Four years ago, Michi Buechers, an IFMGA-certified guide with a background in biomechanics, began working at Marker International. As binding product coordinator, he managed the team of three engineers who developed Marker’s first-ever tech binding, the Kingpin, which they debuted last week in Nevados de Chillan, Chile.
While tech bindings have traditionally offered safety release at the toe and/or heel, the Kingpin is the first to meet DIN ISO 13992:2007. That means it’s the first tech binding acknowledged by the TUV—the international certification body that validates product safety—to offer a certified DIN safety release. The Kingpin has a traditional tech-style toe and an alpine-like heel that offers lateral and vertical release. It will be available in December.
After three days of testing in corn, on ice and hardpack, I sat down with Michi to talk about developing the Kingpin, the challenges of building a binding from scratch and the future of tech bindings.Backcountry: Three and a half years ago, when Marker decided to go in on this project, what was the plan?
Michi Buechers: When I started with Marker, we had the F10 and F12, but we felt we really hadn’t reached the touring market. We saw this pintech market growing, and I knew from my experience that it’s really a difference to tour with. It was obvious that, if we wanted to reach the touring market, it made sense to do it with a pintech binding. But we knew we didn’t want to make a “me too” product….we wanted to create something new.
BCM: Did you see a big demand that you needed to fill?
MB: Yeah, of course. That was part of it. We also heard of problems with existing bindings, and we saw some potentials. Not a lot of products are perfect, and we saw lots of potential in the pintech.BCM: All of the sudden there are so many tech bindings available, many trying to achieve a better release. It’s almost like you had a crystal ball when you started with this project.
MB: When we started [three years ago], that was a time when a lot of companies opened their eyes. There was the certain point when it was obvious that this part of the skiing market was growing. All of the sudden, that market got very interesting for several companies.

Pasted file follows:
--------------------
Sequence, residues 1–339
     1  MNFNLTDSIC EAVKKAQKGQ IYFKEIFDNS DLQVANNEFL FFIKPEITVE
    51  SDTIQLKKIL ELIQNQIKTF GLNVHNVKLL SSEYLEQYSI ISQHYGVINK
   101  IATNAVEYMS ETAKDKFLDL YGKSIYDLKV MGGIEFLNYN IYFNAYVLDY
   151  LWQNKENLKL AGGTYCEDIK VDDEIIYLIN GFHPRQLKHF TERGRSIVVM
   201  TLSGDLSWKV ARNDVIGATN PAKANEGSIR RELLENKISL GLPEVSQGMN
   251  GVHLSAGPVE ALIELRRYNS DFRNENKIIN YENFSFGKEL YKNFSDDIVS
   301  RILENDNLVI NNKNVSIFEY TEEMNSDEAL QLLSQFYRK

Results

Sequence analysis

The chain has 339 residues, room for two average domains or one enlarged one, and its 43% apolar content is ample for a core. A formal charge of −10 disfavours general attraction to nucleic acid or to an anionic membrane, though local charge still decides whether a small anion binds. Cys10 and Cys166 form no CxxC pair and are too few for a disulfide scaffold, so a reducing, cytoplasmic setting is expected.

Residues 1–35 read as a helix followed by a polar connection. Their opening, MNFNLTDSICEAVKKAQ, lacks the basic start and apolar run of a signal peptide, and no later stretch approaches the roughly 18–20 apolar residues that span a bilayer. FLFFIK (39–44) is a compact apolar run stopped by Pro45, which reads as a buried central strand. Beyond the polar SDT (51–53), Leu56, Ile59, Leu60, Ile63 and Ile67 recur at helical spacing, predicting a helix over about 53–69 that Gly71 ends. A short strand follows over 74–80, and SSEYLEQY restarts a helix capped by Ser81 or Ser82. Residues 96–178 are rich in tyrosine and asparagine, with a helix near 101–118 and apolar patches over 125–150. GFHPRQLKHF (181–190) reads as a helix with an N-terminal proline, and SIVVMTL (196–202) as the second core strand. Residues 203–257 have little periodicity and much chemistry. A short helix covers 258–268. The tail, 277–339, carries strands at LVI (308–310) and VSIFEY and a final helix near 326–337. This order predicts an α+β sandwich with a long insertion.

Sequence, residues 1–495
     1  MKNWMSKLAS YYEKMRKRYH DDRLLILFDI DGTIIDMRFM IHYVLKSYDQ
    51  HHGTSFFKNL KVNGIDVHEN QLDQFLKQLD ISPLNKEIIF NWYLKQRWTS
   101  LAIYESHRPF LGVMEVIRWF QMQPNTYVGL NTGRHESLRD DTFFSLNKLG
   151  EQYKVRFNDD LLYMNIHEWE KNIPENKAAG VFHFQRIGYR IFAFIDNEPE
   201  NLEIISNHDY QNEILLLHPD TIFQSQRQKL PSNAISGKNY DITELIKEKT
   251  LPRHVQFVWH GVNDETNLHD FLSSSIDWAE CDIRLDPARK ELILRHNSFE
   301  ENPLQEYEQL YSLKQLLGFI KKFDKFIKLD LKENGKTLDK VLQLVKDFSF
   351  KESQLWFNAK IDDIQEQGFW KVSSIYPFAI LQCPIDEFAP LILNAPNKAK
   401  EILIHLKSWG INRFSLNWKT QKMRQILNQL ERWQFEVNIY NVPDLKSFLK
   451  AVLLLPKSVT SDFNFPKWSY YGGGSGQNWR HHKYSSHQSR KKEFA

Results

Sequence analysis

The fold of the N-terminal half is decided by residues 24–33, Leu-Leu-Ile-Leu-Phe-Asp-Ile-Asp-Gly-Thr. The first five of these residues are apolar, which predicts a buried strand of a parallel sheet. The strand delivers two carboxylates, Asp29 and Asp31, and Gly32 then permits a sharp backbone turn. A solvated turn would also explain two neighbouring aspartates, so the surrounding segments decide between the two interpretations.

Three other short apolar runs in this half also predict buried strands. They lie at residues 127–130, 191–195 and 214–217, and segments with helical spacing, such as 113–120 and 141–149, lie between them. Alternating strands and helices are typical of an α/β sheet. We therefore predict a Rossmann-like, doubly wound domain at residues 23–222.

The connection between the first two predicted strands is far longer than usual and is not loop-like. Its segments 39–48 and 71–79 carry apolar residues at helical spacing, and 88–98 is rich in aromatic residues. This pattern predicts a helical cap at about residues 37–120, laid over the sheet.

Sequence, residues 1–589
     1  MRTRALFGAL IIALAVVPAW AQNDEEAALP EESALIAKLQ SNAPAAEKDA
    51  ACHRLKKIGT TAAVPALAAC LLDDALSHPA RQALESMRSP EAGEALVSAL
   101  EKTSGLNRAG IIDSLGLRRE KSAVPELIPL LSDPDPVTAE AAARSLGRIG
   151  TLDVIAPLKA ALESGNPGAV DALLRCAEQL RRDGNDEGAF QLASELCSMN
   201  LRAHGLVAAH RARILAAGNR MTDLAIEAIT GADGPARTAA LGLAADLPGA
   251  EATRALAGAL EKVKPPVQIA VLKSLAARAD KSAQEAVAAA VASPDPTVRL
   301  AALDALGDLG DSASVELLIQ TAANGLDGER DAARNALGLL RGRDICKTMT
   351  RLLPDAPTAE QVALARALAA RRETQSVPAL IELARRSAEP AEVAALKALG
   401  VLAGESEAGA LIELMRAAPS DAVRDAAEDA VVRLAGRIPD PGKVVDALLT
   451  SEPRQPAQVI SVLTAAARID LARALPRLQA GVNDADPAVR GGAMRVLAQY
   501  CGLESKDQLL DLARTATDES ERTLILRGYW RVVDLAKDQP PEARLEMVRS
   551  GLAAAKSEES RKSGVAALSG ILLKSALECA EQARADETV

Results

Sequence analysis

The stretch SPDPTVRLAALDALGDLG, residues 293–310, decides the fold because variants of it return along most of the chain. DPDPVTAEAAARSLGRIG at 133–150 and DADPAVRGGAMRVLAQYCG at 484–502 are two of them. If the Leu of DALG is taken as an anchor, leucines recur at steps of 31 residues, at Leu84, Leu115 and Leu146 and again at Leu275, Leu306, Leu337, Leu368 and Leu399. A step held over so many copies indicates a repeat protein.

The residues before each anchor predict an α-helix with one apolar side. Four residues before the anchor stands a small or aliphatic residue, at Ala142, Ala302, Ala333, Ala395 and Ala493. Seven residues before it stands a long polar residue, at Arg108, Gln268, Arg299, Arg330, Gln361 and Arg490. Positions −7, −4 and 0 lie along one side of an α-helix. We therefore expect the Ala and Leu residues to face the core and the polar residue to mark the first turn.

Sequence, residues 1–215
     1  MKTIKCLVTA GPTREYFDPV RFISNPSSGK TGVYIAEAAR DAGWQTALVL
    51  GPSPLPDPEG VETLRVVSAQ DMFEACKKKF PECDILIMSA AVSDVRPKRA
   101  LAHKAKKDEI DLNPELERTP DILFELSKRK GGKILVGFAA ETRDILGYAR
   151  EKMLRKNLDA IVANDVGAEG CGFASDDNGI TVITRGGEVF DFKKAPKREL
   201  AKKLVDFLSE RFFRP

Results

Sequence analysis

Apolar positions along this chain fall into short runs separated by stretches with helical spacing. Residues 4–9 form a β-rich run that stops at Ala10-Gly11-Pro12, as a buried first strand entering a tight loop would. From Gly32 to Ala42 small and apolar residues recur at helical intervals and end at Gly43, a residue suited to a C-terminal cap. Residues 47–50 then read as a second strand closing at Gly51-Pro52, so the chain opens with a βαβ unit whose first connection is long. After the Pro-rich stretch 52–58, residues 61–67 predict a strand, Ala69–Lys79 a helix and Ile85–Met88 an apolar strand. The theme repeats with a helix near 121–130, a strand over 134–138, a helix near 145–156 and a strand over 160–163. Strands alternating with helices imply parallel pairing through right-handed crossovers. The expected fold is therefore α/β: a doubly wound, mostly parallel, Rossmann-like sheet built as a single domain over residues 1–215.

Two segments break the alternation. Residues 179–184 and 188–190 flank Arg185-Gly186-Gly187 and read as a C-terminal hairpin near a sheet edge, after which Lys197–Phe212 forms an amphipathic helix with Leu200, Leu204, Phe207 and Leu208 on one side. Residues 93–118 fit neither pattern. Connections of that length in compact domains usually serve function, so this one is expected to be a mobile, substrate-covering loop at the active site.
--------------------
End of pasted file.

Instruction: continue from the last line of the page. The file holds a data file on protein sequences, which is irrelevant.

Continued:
BCM: Do you see most of the growth among people wanting tech bindings in Europe or the U.S.?
MB: Both. In Europe it depends a little bit on the country. There are some countries where there are already 80 percent using pintech bindings, but there are some more conservative countries using mostly frame bindings. I think there was a turning point maybe two or three years ago where you saw more and more people using that pintech binding; people getting more aware of that system.BCM: What was the biggest challenge with building the binding? Was there a single technical part that took a lot of time and energy?
MB: Of course there were many small details that we had to improve during the process, but in the end I think the hardest part was to find the right concept, the big picture. We had targets we wanted to reach in the end: we wanted DIN certification; we wanted a stronger heel; we wanted the handling [to be] as least as good as existing bindings; we wanted it lightweight. To pack all these points into a concept without creating a new boot standard was a big challenge and took us a long time.
BCM: Do you think there’s been a race of sorts to become the first binding that is DIN ISO certified?
MB: Yeah. It looks like there are some other brands in the starting position. I think [getting our certification first] shows the knowledge of binding development in this company and what a strong team we have.BCM: What are some of the challenges you see with getting this binding out there?
MB: It looks heavier than it actually is, and I think we need to get people’s hands on it and show them that it’s not a big difference. For sure, it’s going to be a challenge to explain to people. It only weighs one chocolate bar more than some other pintech bindings.
BCM: Until now, tech bindings have been made by niche-specific, backcountry-focused brands. What does it mean for the sport that Marker, the big binding company, is making a tech binding?
MB: It shows that sport has really grown in the last years. But the other question could be what does it mean for Marker? At the beginning we didn’t know if we could compete with all the specialized brands. But when I look at our whole team, I think it’s all been pretty authentic. I think that the crew that is behind this is very much committed to this sport.BCM: Beyond the Kingpin, what do you think backcountry bindings are going to look like over the next few years? What does the future hold?
MB: I think the sport is getting more and more nuanced. It’s all skiing, but touring is one thing, and even within touring there is racing, doing big traverses, free touring. So it’s getting more and more nuanced, and I think, for the whole binding and ski market, there will be products for every niche. Some products will have the potential to cover more of these niches and some will be more specialized.
For more on the Kingpin and a detailed review, stay tuned to backcountrymagazine.com. Visit marker.net/kingpin for more technical details.
[Update – September 10, 2014: According to Dynafit, the world’s first TUV-certified frameless tech binding was the original TLT4, which received certification for ISO13992 in 1994. Since then, the testing procedures have evolved to include more combined loading tests, and the Marker Kingpin and Dynafit Beast 16 are now TUV certified under the updated standard, ISO 13992:2007.]